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Jerome “Jerry” Hipp, 96, passed away on Thursday, August 2, 2018, at his home in Breckenridge, MN, where a wonderful team of caregivers provided care for him and his wife Mary for over two years. A Funeral Mass, honoring Jerry and his wife, Mary, who passed away on July 17, 2018, will be held at 10:30 a.m. Monday, August 13, 2018 at St. John’s Catholic Church, Wahpeton, ND. Visitation will be one hour prior to the service at the church.
Jerome Paul Hipp was born on September 12, 1921 in Hankinson, ND to Adam and Elizabeth Hipp, where he grew up with 9 other siblings. As a small boy he was kept busy with chores, since his family raised cows, pigs, and chickens.
One year Jerry was a clerk and delivery boy at the grocery store. He worked there after school and all day Saturday for $4.50 a week. Summer came and he worked about two weeks at the grocery while his buddies were working at a nursery 2-1/2 miles west of town. A young boy would rather be outside working with his friends, so he quit the grocery store job and went to work at the nursery. A truck would pick the boys up at 6:30 a.m. and return them home again after 6 p.m. He pulled and hoed weeds and picked plums and apples for 5 cents an hour, 10 hours a day. True, the nursery job paid less, but he enjoyed it more.
Jerry attended first and second grade at Hankinson Public School and the rest of the grades and high school at St. Francis Academy. He graduated in 1939 and went to work on a farm and later for a lumber company.
As the clouds of war gathered, President Roosevelt began calling for young men to volunteer for the service. In February 1941, Jerry joined the National Guard in Wahpeton, which was federalized by the United States Army. He was training at Camp Claiborne, LA when Pearl Harbor was attacked. In March of 1942 Jerry headed overseas, landing at Melbourne, Australia, before moving on to New Caledonia for additional military training.
On October 13, 1942, Jerry landed on Guadalcanal, part of the 164th Battalion, the first Army unit to take the offensive in the Pacific. He fought there until March 1943 before moving on to the Fiji Islands where they regrouped with reinforcements. In November it was off to Bougainville, the largest of the Solomon Islands, for combat. Then Leyte, Mindanao, Panay, Bohol and Cebu, all in the Philippines - all more combat.
In July of 1945, Jerry started back home. His ship was six days out of Pearl Harbor when the first atomic bomb was dropped. By the time they arrived at Pearl Harbor, the United States Navy ships were flying the victory flag. The war was over and in August 1945, Tech Sargeant Jerome Hipp was discharged from the army.
Heading home to Hankinson, the train arrived around midnight and Jerry walked to his mother’s home and knocked on the door. She was awakened and came to the door, saw him and said, “Ach, Jerry, it’s only you.” She shut the door and left him standing outside, while she went for her robe. His mother hadn’t seen her youngest son for almost five years and went to put on her robe first before letting him in. The family has laughed and teased over this incident many, many times.
Jerry immediately busied himself working with a construction crew installing electric lines into farms in South Dakota. In November 1945, he went into partnership with his older brother, John, and purchased a liquor business in Hankinson. A few years later he bought his brother’s interest and moved the business into an old hatchery building, which he remodeled. The new name was Jerry’s Bar. He later relocated the business to Main Street.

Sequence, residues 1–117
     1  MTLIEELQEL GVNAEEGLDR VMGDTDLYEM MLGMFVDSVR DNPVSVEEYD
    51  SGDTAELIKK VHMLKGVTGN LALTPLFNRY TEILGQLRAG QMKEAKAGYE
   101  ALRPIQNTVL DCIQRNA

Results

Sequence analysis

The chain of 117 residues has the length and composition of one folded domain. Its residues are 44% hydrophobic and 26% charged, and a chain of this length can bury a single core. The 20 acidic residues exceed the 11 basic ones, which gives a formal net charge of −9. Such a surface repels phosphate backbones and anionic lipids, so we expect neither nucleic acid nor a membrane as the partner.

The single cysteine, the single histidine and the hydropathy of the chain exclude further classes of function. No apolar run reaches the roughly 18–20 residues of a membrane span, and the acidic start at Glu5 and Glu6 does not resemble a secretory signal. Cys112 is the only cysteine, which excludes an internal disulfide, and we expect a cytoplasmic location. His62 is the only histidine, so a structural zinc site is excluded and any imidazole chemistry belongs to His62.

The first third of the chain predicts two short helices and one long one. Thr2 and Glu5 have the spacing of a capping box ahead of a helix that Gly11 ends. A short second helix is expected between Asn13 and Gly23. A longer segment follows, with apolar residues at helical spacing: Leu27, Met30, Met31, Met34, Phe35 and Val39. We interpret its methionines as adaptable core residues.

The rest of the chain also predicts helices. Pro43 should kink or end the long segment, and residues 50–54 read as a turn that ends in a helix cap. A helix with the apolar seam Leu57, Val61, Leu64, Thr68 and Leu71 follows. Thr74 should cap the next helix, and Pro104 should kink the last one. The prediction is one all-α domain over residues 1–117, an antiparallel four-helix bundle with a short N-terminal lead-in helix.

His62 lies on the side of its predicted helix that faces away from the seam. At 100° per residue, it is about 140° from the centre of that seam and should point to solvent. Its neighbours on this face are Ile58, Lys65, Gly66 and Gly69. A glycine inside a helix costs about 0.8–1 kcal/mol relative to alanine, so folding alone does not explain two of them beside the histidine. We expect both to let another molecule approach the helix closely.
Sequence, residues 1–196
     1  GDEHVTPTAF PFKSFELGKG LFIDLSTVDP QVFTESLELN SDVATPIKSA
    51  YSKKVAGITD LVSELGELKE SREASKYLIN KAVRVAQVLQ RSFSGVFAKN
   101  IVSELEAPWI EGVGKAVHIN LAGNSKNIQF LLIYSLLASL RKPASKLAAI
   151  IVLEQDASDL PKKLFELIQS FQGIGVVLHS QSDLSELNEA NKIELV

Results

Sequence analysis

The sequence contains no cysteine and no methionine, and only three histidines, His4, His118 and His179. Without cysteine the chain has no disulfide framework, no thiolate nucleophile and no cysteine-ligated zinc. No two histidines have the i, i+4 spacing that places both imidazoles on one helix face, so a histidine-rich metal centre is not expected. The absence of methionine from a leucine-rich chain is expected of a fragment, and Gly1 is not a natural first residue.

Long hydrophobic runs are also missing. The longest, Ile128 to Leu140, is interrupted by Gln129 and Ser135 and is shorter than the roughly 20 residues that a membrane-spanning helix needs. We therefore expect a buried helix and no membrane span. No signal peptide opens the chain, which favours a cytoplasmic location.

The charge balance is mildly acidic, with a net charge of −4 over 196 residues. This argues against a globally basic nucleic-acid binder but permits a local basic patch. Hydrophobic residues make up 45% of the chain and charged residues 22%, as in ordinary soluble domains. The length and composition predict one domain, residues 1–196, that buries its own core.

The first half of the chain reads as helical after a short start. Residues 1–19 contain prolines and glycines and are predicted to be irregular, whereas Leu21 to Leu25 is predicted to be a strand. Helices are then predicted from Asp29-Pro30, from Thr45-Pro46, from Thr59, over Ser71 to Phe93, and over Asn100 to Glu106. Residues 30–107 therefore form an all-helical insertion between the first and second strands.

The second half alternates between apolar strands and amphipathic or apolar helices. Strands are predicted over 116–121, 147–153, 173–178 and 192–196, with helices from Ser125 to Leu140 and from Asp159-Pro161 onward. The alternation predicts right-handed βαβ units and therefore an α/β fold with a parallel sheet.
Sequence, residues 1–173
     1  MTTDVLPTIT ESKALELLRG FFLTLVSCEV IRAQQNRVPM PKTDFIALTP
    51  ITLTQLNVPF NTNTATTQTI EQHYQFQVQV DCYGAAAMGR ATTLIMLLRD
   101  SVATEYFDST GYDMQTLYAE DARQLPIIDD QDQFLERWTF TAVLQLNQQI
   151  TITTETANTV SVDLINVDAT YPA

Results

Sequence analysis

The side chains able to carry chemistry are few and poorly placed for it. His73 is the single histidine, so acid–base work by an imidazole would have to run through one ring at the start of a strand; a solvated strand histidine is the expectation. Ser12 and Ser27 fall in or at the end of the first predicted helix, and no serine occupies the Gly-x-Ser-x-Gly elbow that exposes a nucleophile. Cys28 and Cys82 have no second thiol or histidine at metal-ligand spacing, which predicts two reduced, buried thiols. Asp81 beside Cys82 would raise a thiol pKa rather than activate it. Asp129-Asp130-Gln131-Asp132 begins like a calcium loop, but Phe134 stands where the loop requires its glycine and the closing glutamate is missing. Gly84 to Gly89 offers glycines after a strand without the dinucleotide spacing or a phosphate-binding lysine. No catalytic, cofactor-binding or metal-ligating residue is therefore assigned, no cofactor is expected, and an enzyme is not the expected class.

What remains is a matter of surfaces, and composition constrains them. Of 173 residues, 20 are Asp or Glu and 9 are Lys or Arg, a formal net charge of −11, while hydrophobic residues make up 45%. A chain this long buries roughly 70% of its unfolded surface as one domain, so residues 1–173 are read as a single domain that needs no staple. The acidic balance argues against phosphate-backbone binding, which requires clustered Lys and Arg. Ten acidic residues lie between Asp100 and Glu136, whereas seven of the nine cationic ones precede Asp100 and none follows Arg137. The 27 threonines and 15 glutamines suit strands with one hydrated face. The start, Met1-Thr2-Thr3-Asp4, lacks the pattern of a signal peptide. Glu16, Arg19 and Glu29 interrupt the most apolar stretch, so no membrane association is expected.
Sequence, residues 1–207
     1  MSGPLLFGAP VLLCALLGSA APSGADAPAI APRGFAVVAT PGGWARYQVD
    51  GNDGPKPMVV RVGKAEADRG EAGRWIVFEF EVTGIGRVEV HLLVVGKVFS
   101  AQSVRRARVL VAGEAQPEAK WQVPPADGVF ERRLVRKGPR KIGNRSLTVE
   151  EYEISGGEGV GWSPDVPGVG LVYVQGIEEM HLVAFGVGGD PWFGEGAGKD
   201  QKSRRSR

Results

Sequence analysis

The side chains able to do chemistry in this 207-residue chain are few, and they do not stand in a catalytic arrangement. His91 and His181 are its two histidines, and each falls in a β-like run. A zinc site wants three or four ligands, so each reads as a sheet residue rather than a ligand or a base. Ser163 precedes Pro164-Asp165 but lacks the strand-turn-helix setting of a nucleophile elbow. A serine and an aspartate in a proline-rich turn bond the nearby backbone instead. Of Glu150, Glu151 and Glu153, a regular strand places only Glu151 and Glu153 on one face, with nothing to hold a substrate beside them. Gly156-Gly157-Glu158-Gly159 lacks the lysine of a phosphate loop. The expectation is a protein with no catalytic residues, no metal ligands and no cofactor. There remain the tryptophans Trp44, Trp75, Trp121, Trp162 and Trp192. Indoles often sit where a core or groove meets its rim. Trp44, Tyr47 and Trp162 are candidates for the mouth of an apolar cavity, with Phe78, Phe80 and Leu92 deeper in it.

After his return from the war, he was introduced to Mary Zander, a friend of his younger sister. He courted Mary for about a year and on October 9, 1946 they were married.
In 1969 he sold Jerry’s Bar and moved to Alexandria, MN for a year, and then to Breckenridge, MN, where he owned a wholesale beer distributorship in Wahpeton, ND and later an off sale liquor business in Breckenridge. Both were sold and in 1983 Jerry retired. Over nearly 40 years he made his living in a bar, a beer distributorship, and a liquor store. Yet his advice to his children - “Stay out of the liquor business.”
He enjoyed fishing, golfing and woodworking in his retirement years. Jerry and Mary enjoyed annual winter trips to Arizona along with other travels.
He maintained a membership at the Bois de Sioux Country Club for years. Together with two or three friends he enjoyed golfing the back nine. Bad shots were called “poop shots”, but they never stopped the fellas from golfing “par” (since they either never kept score or only counted strokes once they were on the green).
Jerry was the eternal optimist. His response to illness, unfortunate circumstances or tough times was always the same - “It’ll get better!” And it always did.
Jerry is survived by his four children - Neil (Karen) Hipp - Breckenridge, MN, Carla Olson - Omaha NE, Leann (Jim) Sturges - Roseville, CA, and Mary Dee (Kent) Martinson - Fountain Hills, AZ, 8 grandchildren and 19 great grandchildren.
He was preceded in death by his parents and all nine of his siblings, Mary, his wife of 71 years, their first child, Paula Marie, and a grandson, Samuel Sturges.
As his health waned in the last few years and his trips to the ER were becoming more frequent, his wife, Mary, thinking that perhaps he might go first, would say, “Jerry, I don’t know what I would do without you.” Being the faithful husband that he was, he waited until Mary passed on July 17, 2018, before joining her 16 days later. Although it is sad for family and friends to have him leave, he’s undoubtedly thrilled to now be able to join Mary in a round of golf, or to challenge her to a game of Pinochle, or to just look at her and smile.
Arrangements are entrusted to Vertin-Munson Funeral Home, Wahpeton.